Santa Clara County special educators are continuing to push for safer classrooms amid serious injuries.

Dozens of special education teachers gathered in front of the Santa Clara County Office of Education Wednesday afternoon to protest before a board meeting. They chanted, “What do we want? Safe schools!” and held signs that said, “Stand up for safety.”

Special education teacher Christina Muñoz said she still experiences shoulder and neck pain after a 2018 incident, where an upset student hit her after being told not to pick up a dirty sock from the ground. She said injuries and severe understaffing have been normalized for too long.

“After being hurt on the job and witnessing several incidents, I have learned that no, it is not part of my job,” Muñoz said. “(The education office) has a role in keeping students and staff safe, and they can start by being held accountable.”

The action follows recent labor contract negotiations between the county and SEIU Local 521 as well as the Association of County Educators (ACE), which represent a total of more than 1,300 workers in the county’s education office. While negotiations led to a pay increase earlier this year, safety concerns have not been fully addressed.

“In the January contract negotiations, the county agreed on everything except the safety measures,” SEIU spokesperson Valarie Prigent said. “And so the team decided to go ahead and sign the contract as is because they needed (the wage increase). But the safety issues have not been resolved.”

As an example, Prigent said the county isn’t following a 2015 mandate to have more than one educator accompanying a student to the restroom.

Those who work in special ed, at juvenile hall and in other specialized programs are asking the county to increase classroom staffing and provide more deescalation training to better manage hazardous situations, but said their concerns are falling on deaf ears.

“We have had too many staff, too many paraeducators and too many students that are getting hurt, because we don’t have (enough) people in the classroom,” ACE President Tara Guerrero told San José Spotlight. “We have people that are breaking limbs. We’ve had teachers break their back or have compressed discs. We’ve had iPads thrown, which have led to stitches in the middle of their face.”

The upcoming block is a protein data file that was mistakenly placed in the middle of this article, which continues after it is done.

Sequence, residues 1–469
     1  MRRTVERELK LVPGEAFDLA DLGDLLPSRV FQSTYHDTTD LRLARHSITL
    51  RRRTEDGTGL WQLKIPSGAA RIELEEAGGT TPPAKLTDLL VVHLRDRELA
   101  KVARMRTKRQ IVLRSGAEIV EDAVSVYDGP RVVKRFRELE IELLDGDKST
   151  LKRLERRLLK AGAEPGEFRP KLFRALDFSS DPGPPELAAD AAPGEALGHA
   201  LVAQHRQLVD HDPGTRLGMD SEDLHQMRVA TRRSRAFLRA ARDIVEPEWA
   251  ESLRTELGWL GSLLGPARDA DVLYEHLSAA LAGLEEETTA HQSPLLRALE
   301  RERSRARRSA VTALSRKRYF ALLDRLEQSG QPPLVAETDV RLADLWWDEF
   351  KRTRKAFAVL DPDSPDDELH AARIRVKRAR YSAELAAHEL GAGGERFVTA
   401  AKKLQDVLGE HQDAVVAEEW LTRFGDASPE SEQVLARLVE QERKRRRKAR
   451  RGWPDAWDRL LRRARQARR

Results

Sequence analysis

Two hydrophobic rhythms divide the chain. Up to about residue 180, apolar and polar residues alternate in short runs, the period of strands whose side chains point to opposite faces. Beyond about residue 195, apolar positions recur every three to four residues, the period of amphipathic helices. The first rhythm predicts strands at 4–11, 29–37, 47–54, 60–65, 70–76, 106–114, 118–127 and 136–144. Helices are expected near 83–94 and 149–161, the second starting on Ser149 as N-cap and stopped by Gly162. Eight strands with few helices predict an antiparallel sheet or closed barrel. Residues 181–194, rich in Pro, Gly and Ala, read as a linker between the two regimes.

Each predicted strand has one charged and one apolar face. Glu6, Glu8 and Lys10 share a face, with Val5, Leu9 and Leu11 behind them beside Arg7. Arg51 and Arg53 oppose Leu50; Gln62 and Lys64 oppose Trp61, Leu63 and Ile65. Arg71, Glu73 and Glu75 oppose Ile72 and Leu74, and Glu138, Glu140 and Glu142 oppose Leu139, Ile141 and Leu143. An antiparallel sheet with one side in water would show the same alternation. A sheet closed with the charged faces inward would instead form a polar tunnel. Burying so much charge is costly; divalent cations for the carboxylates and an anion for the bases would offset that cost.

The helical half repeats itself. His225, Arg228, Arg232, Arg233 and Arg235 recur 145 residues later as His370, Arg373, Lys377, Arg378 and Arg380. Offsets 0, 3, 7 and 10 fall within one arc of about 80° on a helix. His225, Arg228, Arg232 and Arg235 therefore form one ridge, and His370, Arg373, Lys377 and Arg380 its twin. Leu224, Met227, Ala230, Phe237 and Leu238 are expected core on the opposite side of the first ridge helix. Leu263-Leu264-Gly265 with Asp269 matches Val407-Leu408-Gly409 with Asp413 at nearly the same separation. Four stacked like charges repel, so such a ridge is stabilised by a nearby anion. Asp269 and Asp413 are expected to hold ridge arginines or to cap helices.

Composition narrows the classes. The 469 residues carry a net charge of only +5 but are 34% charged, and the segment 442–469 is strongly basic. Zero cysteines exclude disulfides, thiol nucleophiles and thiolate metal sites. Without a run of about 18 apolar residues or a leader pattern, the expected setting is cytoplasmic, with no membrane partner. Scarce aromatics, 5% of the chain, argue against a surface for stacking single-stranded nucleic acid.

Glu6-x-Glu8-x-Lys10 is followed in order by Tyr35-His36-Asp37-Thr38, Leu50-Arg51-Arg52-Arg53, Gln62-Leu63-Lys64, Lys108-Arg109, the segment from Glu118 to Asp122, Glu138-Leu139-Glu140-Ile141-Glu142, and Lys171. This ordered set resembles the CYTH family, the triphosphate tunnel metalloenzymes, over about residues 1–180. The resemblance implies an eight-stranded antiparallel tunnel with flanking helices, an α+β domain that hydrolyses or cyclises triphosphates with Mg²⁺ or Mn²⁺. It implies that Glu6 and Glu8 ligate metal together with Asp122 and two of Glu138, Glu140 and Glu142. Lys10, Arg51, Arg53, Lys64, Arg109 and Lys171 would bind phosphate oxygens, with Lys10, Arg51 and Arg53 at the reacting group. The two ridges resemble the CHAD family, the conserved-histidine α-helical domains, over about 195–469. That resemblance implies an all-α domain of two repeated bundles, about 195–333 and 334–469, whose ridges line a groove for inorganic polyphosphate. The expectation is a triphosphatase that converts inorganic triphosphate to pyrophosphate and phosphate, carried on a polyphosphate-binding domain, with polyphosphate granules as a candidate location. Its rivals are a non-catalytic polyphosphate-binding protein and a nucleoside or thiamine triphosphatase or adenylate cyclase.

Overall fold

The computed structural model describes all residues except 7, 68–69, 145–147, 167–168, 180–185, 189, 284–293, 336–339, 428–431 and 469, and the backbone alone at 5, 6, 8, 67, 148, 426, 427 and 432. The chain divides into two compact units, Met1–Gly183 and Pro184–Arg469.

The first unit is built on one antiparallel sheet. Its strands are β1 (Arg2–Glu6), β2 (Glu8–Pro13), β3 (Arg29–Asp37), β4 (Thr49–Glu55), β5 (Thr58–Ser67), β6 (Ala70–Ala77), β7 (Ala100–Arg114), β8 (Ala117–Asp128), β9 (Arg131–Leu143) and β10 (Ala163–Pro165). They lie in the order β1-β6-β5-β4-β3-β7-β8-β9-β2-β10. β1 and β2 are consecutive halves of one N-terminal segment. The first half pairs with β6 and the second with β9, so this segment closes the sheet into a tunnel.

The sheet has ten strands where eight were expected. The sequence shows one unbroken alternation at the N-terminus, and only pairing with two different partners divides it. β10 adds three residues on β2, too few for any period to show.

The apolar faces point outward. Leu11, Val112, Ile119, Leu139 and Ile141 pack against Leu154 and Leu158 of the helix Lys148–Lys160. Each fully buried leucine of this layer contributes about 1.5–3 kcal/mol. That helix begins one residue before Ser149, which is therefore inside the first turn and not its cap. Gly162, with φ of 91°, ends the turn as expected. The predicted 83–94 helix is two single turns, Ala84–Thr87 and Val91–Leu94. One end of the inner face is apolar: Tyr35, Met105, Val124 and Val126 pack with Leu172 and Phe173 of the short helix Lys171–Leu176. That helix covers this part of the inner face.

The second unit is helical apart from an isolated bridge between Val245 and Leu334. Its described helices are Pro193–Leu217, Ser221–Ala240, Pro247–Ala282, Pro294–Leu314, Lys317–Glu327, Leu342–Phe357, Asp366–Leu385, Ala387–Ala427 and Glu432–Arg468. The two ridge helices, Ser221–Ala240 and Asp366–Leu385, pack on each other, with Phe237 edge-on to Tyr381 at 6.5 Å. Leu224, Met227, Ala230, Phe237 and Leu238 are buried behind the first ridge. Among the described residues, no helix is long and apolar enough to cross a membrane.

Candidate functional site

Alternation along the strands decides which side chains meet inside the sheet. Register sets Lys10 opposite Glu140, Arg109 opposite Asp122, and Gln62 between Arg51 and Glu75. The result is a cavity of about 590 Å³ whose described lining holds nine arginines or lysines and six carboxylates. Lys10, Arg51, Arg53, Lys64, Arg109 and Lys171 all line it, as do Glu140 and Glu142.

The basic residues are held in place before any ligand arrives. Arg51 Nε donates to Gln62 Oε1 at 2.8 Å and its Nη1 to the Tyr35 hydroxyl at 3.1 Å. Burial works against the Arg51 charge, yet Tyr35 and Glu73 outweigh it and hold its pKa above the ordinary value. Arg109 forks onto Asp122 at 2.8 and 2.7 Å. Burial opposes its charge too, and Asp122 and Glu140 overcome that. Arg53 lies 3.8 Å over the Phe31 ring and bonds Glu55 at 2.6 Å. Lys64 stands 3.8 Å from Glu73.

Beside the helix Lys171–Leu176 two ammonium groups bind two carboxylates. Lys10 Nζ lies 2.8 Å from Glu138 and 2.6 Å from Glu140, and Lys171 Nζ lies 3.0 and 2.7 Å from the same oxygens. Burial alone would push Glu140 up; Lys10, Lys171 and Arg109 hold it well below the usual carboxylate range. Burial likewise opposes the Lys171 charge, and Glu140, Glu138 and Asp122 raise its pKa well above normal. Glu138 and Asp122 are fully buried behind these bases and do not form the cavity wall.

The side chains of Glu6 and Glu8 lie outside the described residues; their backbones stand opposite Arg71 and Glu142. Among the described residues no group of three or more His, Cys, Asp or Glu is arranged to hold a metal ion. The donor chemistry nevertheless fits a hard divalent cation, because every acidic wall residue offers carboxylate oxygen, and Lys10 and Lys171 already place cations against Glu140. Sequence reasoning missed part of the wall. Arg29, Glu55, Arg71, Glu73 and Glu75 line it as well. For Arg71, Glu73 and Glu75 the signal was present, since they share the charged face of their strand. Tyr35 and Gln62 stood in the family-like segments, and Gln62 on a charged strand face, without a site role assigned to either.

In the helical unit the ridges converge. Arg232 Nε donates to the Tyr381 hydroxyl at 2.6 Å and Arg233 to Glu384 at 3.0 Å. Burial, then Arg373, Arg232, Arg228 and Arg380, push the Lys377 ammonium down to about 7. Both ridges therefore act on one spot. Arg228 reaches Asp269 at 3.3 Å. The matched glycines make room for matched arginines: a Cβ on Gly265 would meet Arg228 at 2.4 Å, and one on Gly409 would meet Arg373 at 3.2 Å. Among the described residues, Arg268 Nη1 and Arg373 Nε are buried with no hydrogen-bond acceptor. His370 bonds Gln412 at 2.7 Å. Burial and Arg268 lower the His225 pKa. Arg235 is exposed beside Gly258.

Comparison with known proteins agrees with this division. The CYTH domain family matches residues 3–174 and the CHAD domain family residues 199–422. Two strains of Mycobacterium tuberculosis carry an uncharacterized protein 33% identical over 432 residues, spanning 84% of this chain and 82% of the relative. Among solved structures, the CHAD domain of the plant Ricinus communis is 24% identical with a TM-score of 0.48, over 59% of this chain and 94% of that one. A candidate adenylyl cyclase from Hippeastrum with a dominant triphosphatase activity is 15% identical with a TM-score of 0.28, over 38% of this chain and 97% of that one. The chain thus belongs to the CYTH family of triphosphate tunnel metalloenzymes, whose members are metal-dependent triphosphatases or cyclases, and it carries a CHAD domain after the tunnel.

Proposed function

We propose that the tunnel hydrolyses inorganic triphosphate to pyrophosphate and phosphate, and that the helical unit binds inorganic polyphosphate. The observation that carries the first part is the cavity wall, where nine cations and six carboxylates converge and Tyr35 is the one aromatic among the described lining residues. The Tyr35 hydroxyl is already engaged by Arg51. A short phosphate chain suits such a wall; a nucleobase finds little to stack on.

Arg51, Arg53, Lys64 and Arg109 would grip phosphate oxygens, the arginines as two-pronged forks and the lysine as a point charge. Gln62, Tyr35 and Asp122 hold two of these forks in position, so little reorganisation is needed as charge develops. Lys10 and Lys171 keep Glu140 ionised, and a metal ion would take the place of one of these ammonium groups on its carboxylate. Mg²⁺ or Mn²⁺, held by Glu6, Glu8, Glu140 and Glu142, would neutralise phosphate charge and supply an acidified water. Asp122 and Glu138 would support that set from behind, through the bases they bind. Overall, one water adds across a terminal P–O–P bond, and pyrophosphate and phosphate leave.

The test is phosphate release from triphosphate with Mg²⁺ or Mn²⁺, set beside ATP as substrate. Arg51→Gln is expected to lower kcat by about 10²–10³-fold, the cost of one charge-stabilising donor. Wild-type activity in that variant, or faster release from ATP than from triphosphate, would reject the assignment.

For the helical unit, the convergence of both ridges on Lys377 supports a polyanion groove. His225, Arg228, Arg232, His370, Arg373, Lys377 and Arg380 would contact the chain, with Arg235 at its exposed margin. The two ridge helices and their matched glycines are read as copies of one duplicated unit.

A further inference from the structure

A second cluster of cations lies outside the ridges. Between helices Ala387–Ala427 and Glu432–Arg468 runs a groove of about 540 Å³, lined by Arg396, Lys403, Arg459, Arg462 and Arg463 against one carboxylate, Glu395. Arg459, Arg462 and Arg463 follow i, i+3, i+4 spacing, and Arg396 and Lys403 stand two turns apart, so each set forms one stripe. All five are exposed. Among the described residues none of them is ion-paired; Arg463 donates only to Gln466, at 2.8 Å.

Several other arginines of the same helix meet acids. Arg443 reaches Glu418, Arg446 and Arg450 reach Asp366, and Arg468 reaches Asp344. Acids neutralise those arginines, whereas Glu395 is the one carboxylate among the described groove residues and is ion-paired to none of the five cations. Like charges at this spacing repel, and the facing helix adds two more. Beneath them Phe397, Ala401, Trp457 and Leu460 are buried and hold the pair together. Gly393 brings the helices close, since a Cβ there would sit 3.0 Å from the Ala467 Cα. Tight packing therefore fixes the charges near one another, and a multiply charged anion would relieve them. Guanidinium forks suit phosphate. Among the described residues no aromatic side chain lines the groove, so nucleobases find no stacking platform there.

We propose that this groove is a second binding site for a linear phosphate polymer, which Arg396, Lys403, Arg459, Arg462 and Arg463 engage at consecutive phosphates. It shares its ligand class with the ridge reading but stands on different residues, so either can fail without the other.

Guerrero, who taught special education in the county for 16 years, said a head butt from a student knocked out her two front teeth. She said she has been hit and shoved so many times, she had to switch over to the Opportunity Youth Academy program which provides high school education to those as old as 24.

She said the county should bring on at least 100 more special education workers to meet the needs of students and teachers. Most classrooms have one teacher and two paraeducators, she said, but that’s rarely enough. Because of staffing shortages, different educators have been pulled from their specialties to take on other students.

“(The county) is calling us now specialized academic instructors so they can put a hodgepodge of different disabilities in one classroom,” Guerrero said. “It doesn’t make sense when you have a medically fragile student with a student with maladaptive behaviors. I mean, how are either of them going to be safe for each other?”

County office of education officials did not respond to questions from this news organization, but spokesperson Kelly Wylie said the office is committed to student and staff safety.

“The office values the privileged opportunity to serve the students under our care and highly value the personnel who provide educational services to the students,” Wylie told San José Spotlight. “We remain committed to our ongoing collaborations with our staff and union leadership.”

The county is failing to follow another mandate ensuring educators receive their Pro-ACT training every three years, according to Guerrero. The training teaches deescalation techniques like how to escort a student, or how to take them down safely. Guerrero said despite many attempts at asking for it, she hasn’t received training since 2010.

“We just want to prevent injuries and make sure our teachers and students are safe,” Guerrero said. “Especially students. That is our No. 1 priority.”

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